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6

NYS. 2015; 53(4): 22-26


Relationship between orthorexia and obsessive-compulsive symptoms in patients with generalised anxiety disorder, panic disorder and obsessive compulsive disorder

Cana Aksoy Poyraz, Ebru Yücel Tüfekçioğlu, Armağan Özdemir, Alper Baş, Ayşe Sakallı Kani, Ethem Erginöz, Alaattin Duran.

Abstract
Orthorexia nervosa (ON) refers to an intense desire to consume healthy or biologically pure food that is free of artificial products. ON is not regarded as a separate eating disorder, but its clinical presentation shares common features with obsessive-compulsive disorder (OCD) and eating disorders. The current study examined 136 patients who were diagnosed with OCD (n = 49), panic disorder (n = 44), and generalized anxiety disorder (n = 37). Padua Inventory Washington State University Revision (PI-WSUR), The Eating Attitudes Test-40 (EAT-40), and the ORTO-11 test were given to the participants. There were no significant differences between patient groups in the mean scores of eating attitudes and orthorexia symptom severity. No significant association between ORTO-11 scores and body mass index was noted. Moderate correlations (r > 0.30) were obtained between orthorexia symptom severity and obsessive-compulsive symptom severity, EAT-40 total score, and checking and dressing/grooming compulsions. These findings suggest that ON, a pathological inclination towards an obsession with healthy eating, is not specifically associated with any of the investigated illness groups. However, it has moderate correlations with the ritualistic signs of OCD. Underlying worry may predispose people to develop a compulsion to create the pure diet.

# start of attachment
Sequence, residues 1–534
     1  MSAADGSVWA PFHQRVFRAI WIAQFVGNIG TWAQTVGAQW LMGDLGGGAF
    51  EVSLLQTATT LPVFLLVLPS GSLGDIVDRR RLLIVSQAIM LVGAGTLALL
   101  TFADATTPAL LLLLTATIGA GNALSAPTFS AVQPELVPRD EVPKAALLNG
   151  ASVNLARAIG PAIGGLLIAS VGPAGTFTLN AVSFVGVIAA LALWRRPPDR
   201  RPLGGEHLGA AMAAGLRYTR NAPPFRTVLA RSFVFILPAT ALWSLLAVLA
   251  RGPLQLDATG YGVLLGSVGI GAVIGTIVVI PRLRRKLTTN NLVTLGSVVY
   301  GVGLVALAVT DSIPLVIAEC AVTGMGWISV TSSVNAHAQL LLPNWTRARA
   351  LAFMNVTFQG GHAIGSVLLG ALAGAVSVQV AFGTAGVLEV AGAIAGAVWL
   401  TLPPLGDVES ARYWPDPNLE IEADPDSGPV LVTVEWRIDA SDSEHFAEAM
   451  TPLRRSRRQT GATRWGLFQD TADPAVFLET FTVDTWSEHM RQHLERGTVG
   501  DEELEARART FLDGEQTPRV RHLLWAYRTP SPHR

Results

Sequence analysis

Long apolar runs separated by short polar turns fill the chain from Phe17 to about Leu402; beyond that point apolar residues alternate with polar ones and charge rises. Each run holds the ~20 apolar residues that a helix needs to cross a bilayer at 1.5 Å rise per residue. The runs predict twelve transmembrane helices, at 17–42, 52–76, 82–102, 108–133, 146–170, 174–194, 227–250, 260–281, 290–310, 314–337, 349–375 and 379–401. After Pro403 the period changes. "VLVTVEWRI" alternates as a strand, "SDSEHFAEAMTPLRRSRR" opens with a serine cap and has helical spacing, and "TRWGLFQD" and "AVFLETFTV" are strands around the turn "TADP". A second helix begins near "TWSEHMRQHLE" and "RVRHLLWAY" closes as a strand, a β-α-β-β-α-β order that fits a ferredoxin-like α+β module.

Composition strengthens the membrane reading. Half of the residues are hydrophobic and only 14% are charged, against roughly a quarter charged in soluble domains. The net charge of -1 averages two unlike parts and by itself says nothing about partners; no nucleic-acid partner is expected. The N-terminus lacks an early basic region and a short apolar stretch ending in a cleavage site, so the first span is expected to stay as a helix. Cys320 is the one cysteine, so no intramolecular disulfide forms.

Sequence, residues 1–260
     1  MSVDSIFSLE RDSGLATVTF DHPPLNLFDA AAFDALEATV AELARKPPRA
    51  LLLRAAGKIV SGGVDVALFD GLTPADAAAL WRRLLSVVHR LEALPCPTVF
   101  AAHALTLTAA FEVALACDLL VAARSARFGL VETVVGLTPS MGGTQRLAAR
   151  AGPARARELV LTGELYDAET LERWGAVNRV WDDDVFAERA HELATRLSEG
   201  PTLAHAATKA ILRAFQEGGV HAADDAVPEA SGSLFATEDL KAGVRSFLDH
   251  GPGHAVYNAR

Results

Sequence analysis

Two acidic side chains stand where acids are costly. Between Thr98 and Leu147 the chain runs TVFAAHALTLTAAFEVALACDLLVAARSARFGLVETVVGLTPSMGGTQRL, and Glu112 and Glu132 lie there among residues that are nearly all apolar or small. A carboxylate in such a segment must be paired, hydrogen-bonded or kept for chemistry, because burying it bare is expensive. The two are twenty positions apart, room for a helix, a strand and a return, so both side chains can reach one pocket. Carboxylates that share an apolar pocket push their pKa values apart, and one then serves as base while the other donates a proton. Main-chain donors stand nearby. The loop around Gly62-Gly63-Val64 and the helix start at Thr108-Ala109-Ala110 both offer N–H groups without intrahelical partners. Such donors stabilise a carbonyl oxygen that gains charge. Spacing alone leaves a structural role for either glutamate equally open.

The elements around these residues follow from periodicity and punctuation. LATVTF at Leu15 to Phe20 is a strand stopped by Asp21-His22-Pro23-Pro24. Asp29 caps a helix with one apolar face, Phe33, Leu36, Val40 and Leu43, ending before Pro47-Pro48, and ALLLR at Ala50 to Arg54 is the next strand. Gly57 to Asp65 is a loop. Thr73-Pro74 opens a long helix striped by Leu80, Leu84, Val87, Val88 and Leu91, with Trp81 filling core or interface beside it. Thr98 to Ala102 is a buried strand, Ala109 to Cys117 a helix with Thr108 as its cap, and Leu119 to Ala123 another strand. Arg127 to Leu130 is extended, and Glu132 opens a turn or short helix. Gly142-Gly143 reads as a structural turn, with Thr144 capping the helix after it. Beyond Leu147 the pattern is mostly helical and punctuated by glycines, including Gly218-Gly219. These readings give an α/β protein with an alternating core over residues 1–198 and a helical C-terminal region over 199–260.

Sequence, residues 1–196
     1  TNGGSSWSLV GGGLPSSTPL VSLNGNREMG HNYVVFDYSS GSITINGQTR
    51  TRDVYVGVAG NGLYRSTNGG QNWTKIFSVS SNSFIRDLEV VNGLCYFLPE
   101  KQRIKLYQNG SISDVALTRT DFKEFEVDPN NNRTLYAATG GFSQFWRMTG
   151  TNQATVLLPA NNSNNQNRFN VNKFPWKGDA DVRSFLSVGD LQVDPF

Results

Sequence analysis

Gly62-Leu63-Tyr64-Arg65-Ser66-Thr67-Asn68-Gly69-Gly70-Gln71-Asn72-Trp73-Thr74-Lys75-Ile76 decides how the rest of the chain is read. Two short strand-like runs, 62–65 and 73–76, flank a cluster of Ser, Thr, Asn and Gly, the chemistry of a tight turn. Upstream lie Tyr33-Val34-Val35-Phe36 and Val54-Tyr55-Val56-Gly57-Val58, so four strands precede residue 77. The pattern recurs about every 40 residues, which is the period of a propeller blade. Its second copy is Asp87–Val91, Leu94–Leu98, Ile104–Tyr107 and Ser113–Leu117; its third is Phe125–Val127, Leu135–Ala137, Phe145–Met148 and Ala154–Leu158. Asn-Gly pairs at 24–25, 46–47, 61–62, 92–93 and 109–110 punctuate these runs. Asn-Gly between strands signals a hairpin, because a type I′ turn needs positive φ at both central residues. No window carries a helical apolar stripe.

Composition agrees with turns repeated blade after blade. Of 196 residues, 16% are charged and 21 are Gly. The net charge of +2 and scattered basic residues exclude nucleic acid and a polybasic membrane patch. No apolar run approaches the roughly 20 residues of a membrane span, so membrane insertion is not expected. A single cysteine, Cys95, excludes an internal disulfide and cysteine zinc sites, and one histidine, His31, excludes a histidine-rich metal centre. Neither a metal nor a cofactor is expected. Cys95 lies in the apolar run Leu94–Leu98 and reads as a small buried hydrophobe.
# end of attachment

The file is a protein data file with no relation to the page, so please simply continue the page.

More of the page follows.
Key words: OCD, orthorexia, checking compulsion



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